|“Moon Knight” #16 on sale now|
Welcome back to THE COMMENTARY TRACK. This is the mostly-weekly feature at CBR in which we invite creators to stop by and talk about their most recent releases, often in SPOILER-filled detail. Go behind the scenes and into the minds of your favorite creators and flip through their own comics along with them. It’s just like a DVD commentary, but without all the awkward pauses.
When “Moon Knight” started its run more than one year ago, writer Charlie Huston was at the helm. With the current storyline, “God and Country,” Houston and series artist Mark Texeira are joined by writer Mike Benson, most recently known for his work on HBO’s television series, “Entourage.”
Now halfway through “God and Country,” Benson sat down with THE COMMENTARY TRACK to go over this week’s “Moon Knight’ #16 and discuss how it came together, how he approaches his scripts, and how football player Brett Favre managed to get a name-check in the same week he announced his retirement from the NFL.
As always, there will be SPOILERS after the break.
You co-plotted this story arc with Charlie Huston. What’s your working process like?
Mike Benson: Our process is the following: Charlie and I get together at some dive restaurant or bar, shoot the ####, then get into the book. First off, we discuss the arc and cool scenes we’d like see. We put together a loose beat sheet and I go off and write up the script. Sometimes the structure changes and things get modified due to say a time line that doesn’t work, density, any number of things. When I’m done with a solid first draft, Charlie will give me his thoughts and sometimes line notes. It’s a seamless process. Charlie is great to work with.
Konshu, or the Bushman, seems to either be real or a figment of Marc’s fractured psyche. How hard is it to write someone with what seems to be this type of schizophrenic disorder? Did you do any research into the subject?
Yes, that’s all taken from my real life experiences, dealing with my own personal demons. I’m joking. . . but am I lying?
Moon Knight is a registered superhero. Is it easier to not have to deal with Moon Knight evading the law, but instead in how the law deals with him?
I don’t know if it’s easier. It sure makes things more interesting and gives me plenty of opportunity to create interesting scenarios. I love that Moon Knight straddles the line of what is acceptable and what isn’t. It makes him a richer character.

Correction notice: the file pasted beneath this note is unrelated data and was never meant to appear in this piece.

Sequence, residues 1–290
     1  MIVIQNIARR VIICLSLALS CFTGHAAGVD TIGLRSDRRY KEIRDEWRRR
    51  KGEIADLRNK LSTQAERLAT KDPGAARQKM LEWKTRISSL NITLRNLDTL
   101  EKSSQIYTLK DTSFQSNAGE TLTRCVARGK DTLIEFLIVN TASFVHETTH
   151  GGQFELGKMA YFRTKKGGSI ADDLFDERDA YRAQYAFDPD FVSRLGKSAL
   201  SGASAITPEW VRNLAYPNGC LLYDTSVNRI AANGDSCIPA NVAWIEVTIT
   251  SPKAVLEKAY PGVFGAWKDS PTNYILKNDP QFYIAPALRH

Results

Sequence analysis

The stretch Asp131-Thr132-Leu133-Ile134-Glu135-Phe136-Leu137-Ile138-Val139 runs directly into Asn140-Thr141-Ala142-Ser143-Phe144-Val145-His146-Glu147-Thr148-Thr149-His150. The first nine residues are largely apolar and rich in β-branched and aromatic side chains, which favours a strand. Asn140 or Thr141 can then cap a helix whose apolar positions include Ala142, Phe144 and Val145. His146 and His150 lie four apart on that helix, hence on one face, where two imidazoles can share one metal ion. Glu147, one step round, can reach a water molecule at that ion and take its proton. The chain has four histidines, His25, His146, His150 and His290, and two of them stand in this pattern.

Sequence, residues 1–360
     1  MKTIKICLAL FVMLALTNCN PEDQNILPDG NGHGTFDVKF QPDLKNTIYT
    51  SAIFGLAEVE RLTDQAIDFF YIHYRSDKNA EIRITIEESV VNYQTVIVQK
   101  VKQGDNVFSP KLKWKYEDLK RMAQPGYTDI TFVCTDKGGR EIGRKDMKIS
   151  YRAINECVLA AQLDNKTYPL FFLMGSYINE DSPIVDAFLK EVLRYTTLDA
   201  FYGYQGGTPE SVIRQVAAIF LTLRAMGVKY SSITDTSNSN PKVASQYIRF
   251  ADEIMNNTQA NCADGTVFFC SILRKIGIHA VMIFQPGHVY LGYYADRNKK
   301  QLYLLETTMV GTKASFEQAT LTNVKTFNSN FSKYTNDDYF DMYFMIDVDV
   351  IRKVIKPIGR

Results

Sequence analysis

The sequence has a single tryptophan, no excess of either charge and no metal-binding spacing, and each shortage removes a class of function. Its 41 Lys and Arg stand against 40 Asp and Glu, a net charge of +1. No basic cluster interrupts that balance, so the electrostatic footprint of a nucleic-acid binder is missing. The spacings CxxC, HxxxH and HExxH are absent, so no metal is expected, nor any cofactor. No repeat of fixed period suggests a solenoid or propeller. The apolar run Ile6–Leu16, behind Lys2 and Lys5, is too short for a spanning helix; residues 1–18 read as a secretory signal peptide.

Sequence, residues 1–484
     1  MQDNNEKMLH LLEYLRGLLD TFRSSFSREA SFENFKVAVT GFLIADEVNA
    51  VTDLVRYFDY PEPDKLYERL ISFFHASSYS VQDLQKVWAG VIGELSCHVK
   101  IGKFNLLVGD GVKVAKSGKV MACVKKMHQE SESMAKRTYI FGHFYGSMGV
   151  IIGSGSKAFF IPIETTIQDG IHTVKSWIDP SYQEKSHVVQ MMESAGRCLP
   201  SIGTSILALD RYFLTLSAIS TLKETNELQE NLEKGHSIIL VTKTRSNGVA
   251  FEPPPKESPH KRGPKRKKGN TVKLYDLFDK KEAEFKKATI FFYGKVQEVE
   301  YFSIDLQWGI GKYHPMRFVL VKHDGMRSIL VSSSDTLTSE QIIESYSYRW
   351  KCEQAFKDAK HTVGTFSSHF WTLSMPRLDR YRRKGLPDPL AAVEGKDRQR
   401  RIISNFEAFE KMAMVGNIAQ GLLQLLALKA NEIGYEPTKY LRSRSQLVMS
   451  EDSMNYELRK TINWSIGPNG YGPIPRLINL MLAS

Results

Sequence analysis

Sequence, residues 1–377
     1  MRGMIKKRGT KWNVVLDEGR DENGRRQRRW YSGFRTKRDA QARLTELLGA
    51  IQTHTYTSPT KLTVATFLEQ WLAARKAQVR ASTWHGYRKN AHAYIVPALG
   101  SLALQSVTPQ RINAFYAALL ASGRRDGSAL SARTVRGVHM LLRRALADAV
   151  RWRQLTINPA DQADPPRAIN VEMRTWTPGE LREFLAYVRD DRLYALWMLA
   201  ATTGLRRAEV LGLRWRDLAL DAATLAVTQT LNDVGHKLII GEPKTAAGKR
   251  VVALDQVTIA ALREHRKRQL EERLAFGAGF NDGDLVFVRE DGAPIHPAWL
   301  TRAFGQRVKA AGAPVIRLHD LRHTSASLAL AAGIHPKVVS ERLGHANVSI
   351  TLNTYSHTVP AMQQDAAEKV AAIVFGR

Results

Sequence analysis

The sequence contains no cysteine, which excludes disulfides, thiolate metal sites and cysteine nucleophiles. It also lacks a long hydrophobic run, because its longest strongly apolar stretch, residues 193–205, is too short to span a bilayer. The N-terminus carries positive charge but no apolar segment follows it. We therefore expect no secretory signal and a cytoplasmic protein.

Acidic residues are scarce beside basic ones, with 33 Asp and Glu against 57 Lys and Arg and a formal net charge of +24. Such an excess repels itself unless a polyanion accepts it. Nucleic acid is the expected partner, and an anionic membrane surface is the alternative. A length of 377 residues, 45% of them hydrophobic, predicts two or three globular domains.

PAGES 3 – 4
There is, obviously, a lot of violence in this comic book. How do you distinguish what happens off-panel from what happens in plain sight of the reader? For example, in this issue we see Carson Knowles stab his parole officer, but then we *assume* he suffocated another man in the hospital.
Sometimes it’s more powerful not to show something; other times it’s just such a cool shot you really want to show. It all depends on the flow of the scenes and what type of headspace I’m in, to be perfectly honest.
Great timing with a Brett Favre joke, given that he retired the day before the issue hit the stands. Who’s the football fan?
I’m a long-time New York Giants fan, but, funnily enough, I wrote the exchange in the cafï¿½ after the fact. Tex had drawn the men in the cafï¿½ looking over at Marc and for whatever reason I just kind of though Marc looked a bit like Brett Favre. I wrote it in as kind of a joke and it made people laugh so I kept it in.
In the past, Marlene has more or less been eye candy with a strong right hook. This time she appears ready to stand up for herself emotionally, as well as physically. How do you see Marlene’s role in the book and where do you see it evolving?
As much as I love eye candy, I wanted Marlene to be strong, but at the same time a little broken. She’s someone who, at this point in her life, is dealing with her own demons and choosing not to look the other way. She’s also a sexual creature and, in many ways, she’s a lot like a dude in that she’s drawn to Marc, but doesn’t need to always be with him. She is beginning to do what’s best for her. I didn’t want to paint her black and white, but to be more complex and not always in the right — meaning she can be selfish, or cold, or whatever. I want her to be real.